Update: The 0% intro period of 0% APR on purchases and balance transfers is now valid for 12 months.
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The Blue Business℠ Plus Credit Card from American Express launched in May 2017 and it’s still a winner.
It earns 2 Membership Rewards points per dollar everywhere on up to $50,000 of purchases per calendar year. You can have multiple of the same card and you would get 2 points per dollar on $50,000 of annual spending for each primary card that you have.
Best of all, there is no annual fee. Terms and restrictions apply, see rates and fees here.
Currently, the Blue Business Plus AMEX offers a 12 month intro period of 0% APR on purchases and balance transfers. After 12 months you’ll pay a variable rate, which is currently 15.49% to 21.49%.
As interest rates have climbed other cards have also gotten rid of their APR offers. Earlier this month the 0% APR on balance transfers was removed from Chase Ink cards.
0% APR is a lucrative offer as carrying balances on consumer cards can have a very harmful effect on your credit score, but because as the Blue Business Plus AMEX is a business card, those balances won’t hurt your credit score.
The Chase Quinfecta strategy is highly lucrative for racking up and redeeming points, but you’ll need to have between 2 and 5 Chase cards to maximize that strategy. You’ll also have to have at least one card with an annual fee.
With the Blue Business Plus AMEX you can rack up the points on everyday purchases and transfer them into airline miles without needing any other cards or paying any annual fees.
Plus, AMEX often has transfer bonuses to airline partners, something that Chase purposefully never has. For example when AMEX is offering a 40% mileage transfer bonus you’ll have effectively earned 2.8 miles per dollar spent on this card! If you value the airline miles at 1.5 cents each, that’s an effective rebate of 4.2% everywhere!
You can transfer points to airlines like ANA, Air Canada, Avianca, or Singapore for Star Alliance travel. Points transfer to Aeromexico, Alitalia, Air France/KLM, or Delta for Skyteam travel. Transfer to BA, Cathay Pacific, or Iberia for OneWorld travel. Other transfer options include El Al, Emirates, Etihad, Hawaiian, JetBlue, or Virgin Atlantic. Mileage transfers can be quite lucrative for one-way, last-minute, or premium class travel. The value with airline miles can be under a cent each if used poorly, but properly used the points can be worth 2 cents, 5 cents, 10 cents, or even more per point, the sky is the limit. Multiply that value by 2 points per dollar spent plus rotating transfer bonuses and you can see how valuable this card can be.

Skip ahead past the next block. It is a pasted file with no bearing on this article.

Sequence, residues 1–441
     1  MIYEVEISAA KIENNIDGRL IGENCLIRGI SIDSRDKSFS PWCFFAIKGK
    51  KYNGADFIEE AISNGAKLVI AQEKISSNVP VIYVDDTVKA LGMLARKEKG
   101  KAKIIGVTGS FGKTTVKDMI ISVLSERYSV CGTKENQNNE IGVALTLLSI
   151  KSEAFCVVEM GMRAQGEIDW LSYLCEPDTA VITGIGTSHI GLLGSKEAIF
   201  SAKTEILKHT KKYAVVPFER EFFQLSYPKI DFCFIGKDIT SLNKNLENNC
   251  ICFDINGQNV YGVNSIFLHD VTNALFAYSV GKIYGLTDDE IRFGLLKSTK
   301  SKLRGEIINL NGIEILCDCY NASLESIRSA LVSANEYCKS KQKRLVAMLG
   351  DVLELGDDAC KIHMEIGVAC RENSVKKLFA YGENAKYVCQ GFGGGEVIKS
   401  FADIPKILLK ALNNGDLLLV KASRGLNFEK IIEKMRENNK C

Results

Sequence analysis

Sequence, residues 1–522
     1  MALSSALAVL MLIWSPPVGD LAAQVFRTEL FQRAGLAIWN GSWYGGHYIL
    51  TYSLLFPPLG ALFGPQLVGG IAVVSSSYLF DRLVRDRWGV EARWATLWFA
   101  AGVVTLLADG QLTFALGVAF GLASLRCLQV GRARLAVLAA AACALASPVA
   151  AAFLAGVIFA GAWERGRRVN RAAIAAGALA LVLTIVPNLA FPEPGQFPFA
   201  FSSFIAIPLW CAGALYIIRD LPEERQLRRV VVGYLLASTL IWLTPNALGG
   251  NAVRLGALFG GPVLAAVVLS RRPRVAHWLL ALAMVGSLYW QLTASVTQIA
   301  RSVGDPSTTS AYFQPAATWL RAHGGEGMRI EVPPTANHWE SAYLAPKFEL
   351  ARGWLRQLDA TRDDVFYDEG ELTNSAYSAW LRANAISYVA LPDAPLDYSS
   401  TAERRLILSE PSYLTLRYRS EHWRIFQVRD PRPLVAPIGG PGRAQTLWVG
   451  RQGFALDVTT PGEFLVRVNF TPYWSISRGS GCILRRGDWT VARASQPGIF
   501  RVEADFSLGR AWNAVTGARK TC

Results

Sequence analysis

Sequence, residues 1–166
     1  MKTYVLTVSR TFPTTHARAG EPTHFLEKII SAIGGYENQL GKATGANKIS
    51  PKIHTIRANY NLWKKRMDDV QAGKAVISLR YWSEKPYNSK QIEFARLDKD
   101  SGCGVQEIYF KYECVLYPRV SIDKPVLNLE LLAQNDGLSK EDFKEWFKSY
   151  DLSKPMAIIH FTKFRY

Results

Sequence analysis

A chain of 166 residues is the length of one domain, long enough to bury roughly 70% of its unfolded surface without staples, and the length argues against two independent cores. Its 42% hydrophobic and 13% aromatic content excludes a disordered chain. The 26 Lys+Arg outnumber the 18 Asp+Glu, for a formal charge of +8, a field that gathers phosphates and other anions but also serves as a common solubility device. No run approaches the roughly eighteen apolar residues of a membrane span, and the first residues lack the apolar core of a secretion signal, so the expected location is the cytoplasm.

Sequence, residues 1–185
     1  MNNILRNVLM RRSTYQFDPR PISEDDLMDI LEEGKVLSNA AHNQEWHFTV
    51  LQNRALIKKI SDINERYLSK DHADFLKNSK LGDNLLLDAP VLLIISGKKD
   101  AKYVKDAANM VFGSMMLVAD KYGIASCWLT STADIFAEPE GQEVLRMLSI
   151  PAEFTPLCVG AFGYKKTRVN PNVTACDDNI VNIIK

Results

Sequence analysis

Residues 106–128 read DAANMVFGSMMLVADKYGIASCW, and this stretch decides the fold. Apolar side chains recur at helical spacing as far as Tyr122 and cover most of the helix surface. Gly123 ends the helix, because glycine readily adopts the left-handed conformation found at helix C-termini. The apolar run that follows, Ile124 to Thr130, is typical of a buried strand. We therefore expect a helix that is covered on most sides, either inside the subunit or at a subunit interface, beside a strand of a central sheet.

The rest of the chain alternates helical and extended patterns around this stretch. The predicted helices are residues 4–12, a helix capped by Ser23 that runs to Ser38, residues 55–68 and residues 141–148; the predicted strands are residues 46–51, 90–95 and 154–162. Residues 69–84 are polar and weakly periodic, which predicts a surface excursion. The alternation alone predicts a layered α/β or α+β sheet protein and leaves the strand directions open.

If you also have The Business Platinum® Card from American Express you can get a 35% points rebate on coach airfare on the airline of your choice and a 35% points rebate on business/first class airfare on all airlines. That’s a great benefit as it allows you to combine the amazing everyday earnings of Blue Business Plus AMEX and get a fantastic value for your points even when there is no award space. Plus AMEX has insider fares that allows you to save even more on the redemption.
However unlike using the Chase Freedom Unlimited or Chase Ink Unlimited card for everyday spending via the Chase Quinfecta, you don’t need another card to transfer points into miles. The Blue Business Plus card can do that all on its own.
The main drawback of the Blue Business Plus AMEX is that other than the APR offer, there is no public welcome bonus. Other great everyday spending cards have bonuses, such as $500 in the form of 50,000 points on the Chase Ink Unlimited card, 70,000 miles on the Barclaycard Arrival Plus® World Elite Mastercard®, and 3 points per dollar for the first year (up to $20,000) on the Chase Freedom Unlimited. But the long-term earnings of 2 points per dollar everywhere makes the Blue Business Plus AMEX a very strong card.
This is a business card, but you may already have a business that needs a card to keep track of expenses. For example if your name is Joe Smith and you sell items online, or if you have any other side business and want a credit card to better keep track of business expenditures you can open a business credit card for “Joe Smith” as the business. You don’t need to file any messy government paperwork to be allowed to do that. Just be sure to select “Sole Proprietorship” as the business type and just use your social security number in the Tax Identification Number field.
It’s important to just write your own name as the business name if you are just applying for your own small business as a Sole Proprietorship that doesn’t have any business paperwork.
AMEX business cards don’t appear on your credit report. That’s good for several reasons.
First of all, they won’t count against your 5/24 count for opening new Chase cards. Only cards on your report that have been opened within the past 24 months count for that.
Secondly, if you close a business card it won’t ever have an effect on your score.
Thirdly, when you spend money on personal cards your credit score will be hurt even if you pay your bill on time. A whopping 30% of your credit score is based on credit utilization. You can pay off your card bill before your statement is generated to avoid that, but that takes effort and laying out money well before you have to. Additionally it’s good to have the statement close with a couple dollars to show the card is active and being paid every month. On an AMEX business card it’s just not reported, so you can wait until the money is due without it having a negative effect on your score.
That makes the 0% APR on a business card a very strong offer.
Will you signup for the Blue Business Plus AMEX?